Social Democrats TD Róisín Shorthall has called for the abolition of all inpatient charges as cancer patients are being priced out of care.
A mother-of-five who was forced to quit her job while she undergoes treatment for stage 4 cancer said the costs are pushing her family back into poverty.
"It's a stand-out issue that needs to be addressed", Deputy Shorthall told The Hard Shoulder.
"It's inhumane, in my view."
"It is just unbelievable that a person in the circumstances that Linda was in, and is in, should have the further worry about cost", she said.
"Everybody is struggling this time with the rising cost of living and the cost of energy and all that, and Linda has a family of five."
Earlier this year, the Social Democrats tabled a motion to abolish the inpatient charge for cancer patients.
According to Deputy Shorthall, the government opposed the motion because "you couldn't abolish charges for one group of patients".
The government has since abolished charges for children.
The Irish Cancer Society, as well as the Social Democrats, are now calling for the abolition of charges for all inpatients.
The party estimates the cost of such a move would be around €30 million, which Deputy Shorthall believes "very small, relative to the health budget".
"These are all hidden costs that nobody realises are there until they find themselves in that situation", she said.
Patients who are not medical card holders and don't have private health insurance are charged €80 per night, but the ongoing cost is capped at €800.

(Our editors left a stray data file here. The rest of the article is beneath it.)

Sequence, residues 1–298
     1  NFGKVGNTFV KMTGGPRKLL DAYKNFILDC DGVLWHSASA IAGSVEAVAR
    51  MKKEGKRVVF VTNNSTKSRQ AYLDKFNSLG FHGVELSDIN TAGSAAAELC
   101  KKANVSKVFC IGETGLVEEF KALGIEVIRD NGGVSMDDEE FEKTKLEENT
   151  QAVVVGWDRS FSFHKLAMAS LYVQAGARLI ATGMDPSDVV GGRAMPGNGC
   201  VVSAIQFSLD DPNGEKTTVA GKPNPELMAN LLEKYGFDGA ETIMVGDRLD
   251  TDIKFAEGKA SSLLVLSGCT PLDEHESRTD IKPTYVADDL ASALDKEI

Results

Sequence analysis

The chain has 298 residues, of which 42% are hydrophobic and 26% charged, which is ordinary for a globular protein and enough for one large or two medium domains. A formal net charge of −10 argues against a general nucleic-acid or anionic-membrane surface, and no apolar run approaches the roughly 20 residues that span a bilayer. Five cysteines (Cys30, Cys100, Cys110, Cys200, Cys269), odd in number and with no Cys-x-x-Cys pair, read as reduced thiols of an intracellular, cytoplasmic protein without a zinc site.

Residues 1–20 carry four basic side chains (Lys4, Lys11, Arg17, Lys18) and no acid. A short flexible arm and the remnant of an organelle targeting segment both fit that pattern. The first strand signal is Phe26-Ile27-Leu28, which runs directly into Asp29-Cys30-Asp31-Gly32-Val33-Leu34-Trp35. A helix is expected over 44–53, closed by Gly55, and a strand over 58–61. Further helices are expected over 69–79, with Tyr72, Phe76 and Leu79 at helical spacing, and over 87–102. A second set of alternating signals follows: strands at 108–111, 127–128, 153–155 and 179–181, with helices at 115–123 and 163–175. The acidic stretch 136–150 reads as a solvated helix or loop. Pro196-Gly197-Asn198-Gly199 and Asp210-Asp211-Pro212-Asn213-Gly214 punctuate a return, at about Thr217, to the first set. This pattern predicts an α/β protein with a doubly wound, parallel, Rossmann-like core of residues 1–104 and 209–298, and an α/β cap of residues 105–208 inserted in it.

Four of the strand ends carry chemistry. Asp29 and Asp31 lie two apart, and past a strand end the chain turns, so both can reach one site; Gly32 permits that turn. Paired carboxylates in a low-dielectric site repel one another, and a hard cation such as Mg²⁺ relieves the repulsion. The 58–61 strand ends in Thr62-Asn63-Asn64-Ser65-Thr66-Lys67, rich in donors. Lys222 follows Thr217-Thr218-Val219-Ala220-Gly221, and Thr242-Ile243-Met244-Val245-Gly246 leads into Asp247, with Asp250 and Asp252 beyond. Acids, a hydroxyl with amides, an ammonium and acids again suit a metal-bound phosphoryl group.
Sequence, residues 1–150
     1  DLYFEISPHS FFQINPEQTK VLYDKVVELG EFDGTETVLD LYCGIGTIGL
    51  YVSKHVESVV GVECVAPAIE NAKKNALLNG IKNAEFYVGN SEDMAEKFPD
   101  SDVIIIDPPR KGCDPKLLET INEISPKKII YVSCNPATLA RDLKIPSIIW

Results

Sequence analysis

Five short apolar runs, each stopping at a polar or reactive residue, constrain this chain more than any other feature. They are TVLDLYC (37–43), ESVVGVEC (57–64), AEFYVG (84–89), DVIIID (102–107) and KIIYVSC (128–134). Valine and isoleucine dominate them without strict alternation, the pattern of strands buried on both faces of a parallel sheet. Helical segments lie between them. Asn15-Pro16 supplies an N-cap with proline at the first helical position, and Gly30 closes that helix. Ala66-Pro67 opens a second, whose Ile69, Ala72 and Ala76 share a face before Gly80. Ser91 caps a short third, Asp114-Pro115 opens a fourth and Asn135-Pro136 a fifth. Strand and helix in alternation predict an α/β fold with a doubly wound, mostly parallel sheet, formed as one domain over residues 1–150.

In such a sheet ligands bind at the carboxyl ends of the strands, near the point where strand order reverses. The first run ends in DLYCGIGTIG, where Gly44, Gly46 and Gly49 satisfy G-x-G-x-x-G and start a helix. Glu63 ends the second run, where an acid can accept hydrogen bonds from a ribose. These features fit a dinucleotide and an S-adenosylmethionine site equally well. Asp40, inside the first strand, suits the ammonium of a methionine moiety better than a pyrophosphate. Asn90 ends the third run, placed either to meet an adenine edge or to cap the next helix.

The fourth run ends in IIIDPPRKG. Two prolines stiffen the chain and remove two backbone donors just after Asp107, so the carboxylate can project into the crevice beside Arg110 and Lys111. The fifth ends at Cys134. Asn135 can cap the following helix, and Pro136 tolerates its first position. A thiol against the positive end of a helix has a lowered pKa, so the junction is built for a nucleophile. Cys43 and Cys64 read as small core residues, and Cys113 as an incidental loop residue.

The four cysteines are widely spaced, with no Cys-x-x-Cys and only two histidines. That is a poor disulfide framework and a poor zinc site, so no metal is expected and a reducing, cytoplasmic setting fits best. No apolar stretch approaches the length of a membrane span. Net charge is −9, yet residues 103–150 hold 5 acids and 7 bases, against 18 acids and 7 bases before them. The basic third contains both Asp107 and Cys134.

"Bear in mind that a person who is reeling from a diagnosis like that and may have had their first treatment, and the next thing they get an invoice in the post", Deputy Shorthall said.
"After 47 days, if you haven't paid those charges, you have debt collectors coming after you ... ringing you up, threatening that if you don't pay this within a certain number of days, you will lose your credit rating, all of those things."
'Pushed into poverty'
Speaking to The Hard Shoulder, Linda Bowdler said she made the "heart-breaking" decision to retire at the end of July – and has yet to receive a medical card or any form of social welfare payment.
The 45-year-old said her diagnosis has had a hugely negative impact on her family’s finances and she is now living with her diagnosis and the guilt she feels when she is unable to afford extra expenses for her children.
GP visits, trips to collect prescriptions and colonoscopies have all become routine parts of Linda’s life and without a medical card, they all still need to be paid for.
“It all adds up."
Listen back to the full conversation with Róisín Shorthall here.